Finding the Grey is an ongoing study of paintings which explore the blending point of opposing forces. Imagining methods for the acceptance of information, Chambers has created compositions that often border both realism and abstraction.
Creation is a multi-step process. In many of the pieces in this exhibition, Chambers aims to find the middle ground or 'grey' between two extremes or social contexts. Any pattern present is imagined and then created by the Artist. Pieces such as Window to the Other Side 1 & 2, begin as a diagramed notation in the Artist's sketchbook. Chambers develops her sketches and expands on the idea until she feels that it expresses its intention. Next, a still life is created and photographed for reference material. The painting process itself explores the photographic reference while allowing the materiality of the paint to play with light, texture and colour.
The creation of one of the amazing pieces featuring by artist Lindsey Chambers during her Finding The Grey exhibition at the Collision Gallery.
“Creation is a multi-step process. In many of the pieces in this exhibition, Chambers aims to find the middle ground or 'grey' between two extremes or social contexts. Any pattern present is imagined and then created by the Artist. Pieces such as Window to the Other Side 1 & 2, begin as a diagramed notation in the Artist's sketchbook. Chambers develops her sketches and expands on the idea until she feels that it expresses its intention. Next, a still life is created and photographed for reference material. The painting process itself explores the photographic reference while allowing the materiality of the paint to play with light, texture and colour.” - Lindsey Chambers
Rakefat Arieli studied Film and Television at Camera Obscura of Arts, Tel Aviv, Israel. She is a visual artist focused on collage and dioramas, and has participated in group exhibitions in Toronto, Canada and Tel Aviv, Israel.
To preserve the sense of physical presence, these digital collages of her works were put on photos of the Collision Gallery space.
Sofia Berger is investigating themes of immigration, consumerism and dissensiorn, ultimately concerning herself with the essence of home. Her choice of mundane imagery suggests all the ways in which personal experiences influence upbringing and views of the world, exploring its connotations within the context of contemporary time.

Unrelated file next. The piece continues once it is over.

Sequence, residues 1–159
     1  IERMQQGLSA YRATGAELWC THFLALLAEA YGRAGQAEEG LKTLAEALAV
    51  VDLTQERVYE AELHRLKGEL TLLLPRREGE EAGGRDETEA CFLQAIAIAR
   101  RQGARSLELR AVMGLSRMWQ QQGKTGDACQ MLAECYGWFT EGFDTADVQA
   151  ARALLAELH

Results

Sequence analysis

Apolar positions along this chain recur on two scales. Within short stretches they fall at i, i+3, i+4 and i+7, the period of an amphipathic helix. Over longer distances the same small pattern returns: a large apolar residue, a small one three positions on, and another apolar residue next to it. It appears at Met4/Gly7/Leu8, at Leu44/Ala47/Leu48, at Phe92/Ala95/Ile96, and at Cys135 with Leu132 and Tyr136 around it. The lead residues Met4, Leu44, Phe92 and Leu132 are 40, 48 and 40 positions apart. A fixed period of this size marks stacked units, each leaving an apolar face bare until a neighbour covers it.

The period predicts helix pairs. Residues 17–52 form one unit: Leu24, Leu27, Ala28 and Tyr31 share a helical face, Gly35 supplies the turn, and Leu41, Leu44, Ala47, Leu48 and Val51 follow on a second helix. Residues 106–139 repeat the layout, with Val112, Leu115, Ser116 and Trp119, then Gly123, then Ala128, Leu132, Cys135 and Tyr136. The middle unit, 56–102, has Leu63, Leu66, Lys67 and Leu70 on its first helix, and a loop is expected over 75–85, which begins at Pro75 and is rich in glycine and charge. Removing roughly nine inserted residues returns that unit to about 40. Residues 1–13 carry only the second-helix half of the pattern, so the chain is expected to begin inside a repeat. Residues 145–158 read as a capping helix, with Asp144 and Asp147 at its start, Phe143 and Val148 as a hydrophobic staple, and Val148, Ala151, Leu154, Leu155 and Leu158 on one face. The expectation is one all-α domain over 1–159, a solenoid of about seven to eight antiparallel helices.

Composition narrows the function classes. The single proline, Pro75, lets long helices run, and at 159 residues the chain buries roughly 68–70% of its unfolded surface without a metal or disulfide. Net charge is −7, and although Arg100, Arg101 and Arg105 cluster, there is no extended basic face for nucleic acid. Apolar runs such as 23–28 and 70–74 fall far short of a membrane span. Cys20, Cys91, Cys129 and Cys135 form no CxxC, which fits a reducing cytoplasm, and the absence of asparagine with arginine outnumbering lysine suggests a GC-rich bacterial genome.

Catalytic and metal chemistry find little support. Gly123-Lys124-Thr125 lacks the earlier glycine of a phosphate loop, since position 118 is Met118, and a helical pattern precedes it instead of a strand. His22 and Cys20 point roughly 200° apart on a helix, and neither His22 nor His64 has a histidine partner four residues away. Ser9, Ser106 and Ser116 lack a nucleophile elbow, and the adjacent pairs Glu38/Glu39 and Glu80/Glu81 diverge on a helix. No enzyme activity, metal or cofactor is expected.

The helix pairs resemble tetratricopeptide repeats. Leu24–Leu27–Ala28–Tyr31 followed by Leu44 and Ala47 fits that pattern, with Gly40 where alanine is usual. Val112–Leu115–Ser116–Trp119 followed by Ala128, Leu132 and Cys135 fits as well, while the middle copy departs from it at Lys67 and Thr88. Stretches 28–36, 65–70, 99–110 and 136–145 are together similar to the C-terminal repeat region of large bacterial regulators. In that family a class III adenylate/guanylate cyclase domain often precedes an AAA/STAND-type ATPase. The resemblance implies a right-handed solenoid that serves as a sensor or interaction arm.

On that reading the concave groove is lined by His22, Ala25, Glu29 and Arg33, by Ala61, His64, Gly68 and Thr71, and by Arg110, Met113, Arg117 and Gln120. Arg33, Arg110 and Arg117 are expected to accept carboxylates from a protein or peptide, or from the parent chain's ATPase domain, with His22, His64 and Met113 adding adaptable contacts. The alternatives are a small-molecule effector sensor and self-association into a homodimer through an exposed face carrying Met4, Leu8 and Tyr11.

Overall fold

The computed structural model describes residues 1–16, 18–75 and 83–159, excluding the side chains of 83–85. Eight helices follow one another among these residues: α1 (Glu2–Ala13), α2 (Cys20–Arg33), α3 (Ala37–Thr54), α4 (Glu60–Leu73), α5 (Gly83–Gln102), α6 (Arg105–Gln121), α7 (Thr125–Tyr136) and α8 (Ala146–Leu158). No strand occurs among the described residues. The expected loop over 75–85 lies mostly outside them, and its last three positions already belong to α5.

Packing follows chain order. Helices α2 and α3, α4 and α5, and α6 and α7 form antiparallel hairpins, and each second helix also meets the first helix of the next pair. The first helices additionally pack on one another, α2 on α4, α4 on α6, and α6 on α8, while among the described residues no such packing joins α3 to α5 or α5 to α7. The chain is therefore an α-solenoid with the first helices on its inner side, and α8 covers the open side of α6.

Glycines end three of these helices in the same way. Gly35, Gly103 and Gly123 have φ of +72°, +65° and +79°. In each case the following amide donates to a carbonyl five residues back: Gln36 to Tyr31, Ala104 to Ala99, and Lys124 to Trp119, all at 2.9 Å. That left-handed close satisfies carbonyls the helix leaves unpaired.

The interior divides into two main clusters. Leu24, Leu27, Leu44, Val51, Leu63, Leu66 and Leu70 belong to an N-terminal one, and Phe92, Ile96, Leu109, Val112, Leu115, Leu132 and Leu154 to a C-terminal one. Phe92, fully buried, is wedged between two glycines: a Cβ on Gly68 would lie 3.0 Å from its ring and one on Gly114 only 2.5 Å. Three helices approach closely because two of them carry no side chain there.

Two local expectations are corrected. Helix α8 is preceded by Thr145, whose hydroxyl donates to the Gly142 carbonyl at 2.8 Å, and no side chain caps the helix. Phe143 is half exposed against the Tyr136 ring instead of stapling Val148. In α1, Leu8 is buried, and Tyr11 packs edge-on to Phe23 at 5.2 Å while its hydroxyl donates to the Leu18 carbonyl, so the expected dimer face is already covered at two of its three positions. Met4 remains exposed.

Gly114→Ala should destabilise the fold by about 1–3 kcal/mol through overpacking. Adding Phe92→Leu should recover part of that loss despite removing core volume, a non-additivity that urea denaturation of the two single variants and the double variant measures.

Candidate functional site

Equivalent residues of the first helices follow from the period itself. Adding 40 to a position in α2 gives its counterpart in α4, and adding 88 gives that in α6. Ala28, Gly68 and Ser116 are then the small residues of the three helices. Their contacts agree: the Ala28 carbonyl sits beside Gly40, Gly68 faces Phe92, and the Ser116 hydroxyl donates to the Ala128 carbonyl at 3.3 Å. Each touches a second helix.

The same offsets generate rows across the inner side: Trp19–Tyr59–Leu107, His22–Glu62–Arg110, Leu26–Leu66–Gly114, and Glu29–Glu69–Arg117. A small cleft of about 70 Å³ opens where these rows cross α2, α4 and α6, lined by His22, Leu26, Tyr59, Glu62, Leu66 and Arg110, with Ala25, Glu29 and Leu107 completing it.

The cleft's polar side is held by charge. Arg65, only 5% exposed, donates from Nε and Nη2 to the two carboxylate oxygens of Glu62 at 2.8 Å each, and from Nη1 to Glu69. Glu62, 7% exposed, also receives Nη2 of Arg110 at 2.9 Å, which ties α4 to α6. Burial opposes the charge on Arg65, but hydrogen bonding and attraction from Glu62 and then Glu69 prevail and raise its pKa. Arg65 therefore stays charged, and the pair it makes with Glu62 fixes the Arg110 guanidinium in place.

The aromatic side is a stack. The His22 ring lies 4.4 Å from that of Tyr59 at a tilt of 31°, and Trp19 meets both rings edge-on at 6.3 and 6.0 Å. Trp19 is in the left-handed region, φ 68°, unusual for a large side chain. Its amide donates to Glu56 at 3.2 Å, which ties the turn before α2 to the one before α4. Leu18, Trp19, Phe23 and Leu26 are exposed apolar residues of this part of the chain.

Drawing on materials from culture in all facets, Berger confronts the effects of trauma and synesthetic connection through familiarity in a way that lends itself to her relationship with her own roots.
By the Skin of Your Teeth explores the effects of growing up in a war-torn country. The show highlights objects associated with domestic spaces in an attempt to recreate. and to bring a piece of one home into the next. Much of the work is sourced from moments within local histories and questions its representation. or lock thereof, !o lhe public, With the aid of memory, orchival materials. cultural norms and stereotypes, Berger utilizes the art making process as a way of better understanding her surroundings.
Born in 1997. Afifa Bari is a surrealist painter and textile artist based in Toronto. She earned her BFA from York University in 2020. Through representational art, she examines the contemporary world through the lens ot capitalism, uncovering consumerist-values in her work. She discusses issues around ideas of capitalism, such as poverty and the cycle of consumerism. Her work focuses on material possessions and the desire for materialism in the newly advancing society. She discusses fast fashion trends and the constant desire to purchase more in the modern society.
Ozge Aylekin experiments with paintings, sculptures, and installations to create postmodern narratives of women within the surreal realm. She discusses existential crises or remote identities, explores their response to their existence in all its variety, to the absurd and the unexpected. Her characters linger in the structures of the potriorchol systems and their subconscious desires. Ozge, while recognizing the deep roots of the authority in her character's senses, allows them to reenact the story that may break the authorities' confinements. She studied at Yildiz Technical University, Art and Design, Combined Arts Program in Istanbul, Turkey where she was born and raised. She continued her education in Toronto, completed her postgraduate in the Event Marketing program at GBC. She participated in various group exhibitions in Istanbul, Linz and Toronto. Currently, she works and lives in Toronto.